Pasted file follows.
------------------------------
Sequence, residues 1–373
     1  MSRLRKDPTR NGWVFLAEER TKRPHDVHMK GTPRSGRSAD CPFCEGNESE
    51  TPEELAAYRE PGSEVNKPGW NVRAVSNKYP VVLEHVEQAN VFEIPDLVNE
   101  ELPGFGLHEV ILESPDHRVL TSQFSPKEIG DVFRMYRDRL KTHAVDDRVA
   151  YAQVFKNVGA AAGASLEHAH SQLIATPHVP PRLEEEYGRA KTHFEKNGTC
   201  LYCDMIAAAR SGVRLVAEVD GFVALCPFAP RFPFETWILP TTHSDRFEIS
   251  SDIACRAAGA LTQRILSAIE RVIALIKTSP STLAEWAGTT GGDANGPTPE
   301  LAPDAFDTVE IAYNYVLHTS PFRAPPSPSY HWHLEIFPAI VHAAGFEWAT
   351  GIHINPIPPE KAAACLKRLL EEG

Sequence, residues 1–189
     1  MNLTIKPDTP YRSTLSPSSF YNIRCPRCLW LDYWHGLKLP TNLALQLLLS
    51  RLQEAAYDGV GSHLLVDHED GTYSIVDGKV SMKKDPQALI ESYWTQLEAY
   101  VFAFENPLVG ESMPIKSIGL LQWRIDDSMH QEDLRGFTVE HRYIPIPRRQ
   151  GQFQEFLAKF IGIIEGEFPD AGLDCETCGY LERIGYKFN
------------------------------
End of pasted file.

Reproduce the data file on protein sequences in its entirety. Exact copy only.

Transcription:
Sequence, residues 1–373
     1  MSRLRKDPTR NGWVFLAEER TKRPHDVHMK GTPRSGRSAD CPFCEGNESE
    51  TPEELAAYRE PGSEVNKPGW NVRAVSNKYP VVLEHVEQAN VFEIPDLVNE
   101  ELPGFGLHEV ILESPDHRVL TSQFSPKEIG DVFRMYRDRL KTHAVDDRVA
   151  YAQVFKNVGA AAGASLEHAH SQLIATPHVP PRLEEEYGRA KTHFEKNGTC
   201  LYCDMIAAAR SGVRLVAEVD GFVALCPFAP RFPFETWILP TTHSDRFEIS
   251  SDIACRAAGA LTQRILSAIE RVIALIKTSP STLAEWAGTT GGDANGPTPE
   301  LAPDAFDTVE IAYNYVLHTS PFRAPPSPSY HWHLEIFPAI VHAAGFEWAT
   351  GIHINPIPPE KAAACLKRLL EEG

Sequence, residues 1–189
     1  MNLTIKPDTP YRSTLSPSSF YNIRCPRCLW LDYWHGLKLP TNLALQLLLS
    51  RLQEAAYDGV GSHLLVDHED GTYSIVDGKV SMKKDPQALI ESYWTQLEAY
   101  VFAFENPLVG ESMPIKSIGL LQWRIDDSMH QEDLRGFTVE HRYIPIPRRQ
   151  GQFQEFLAKF IGIIEGEFPD AGLDCETCGY LERIGYKFN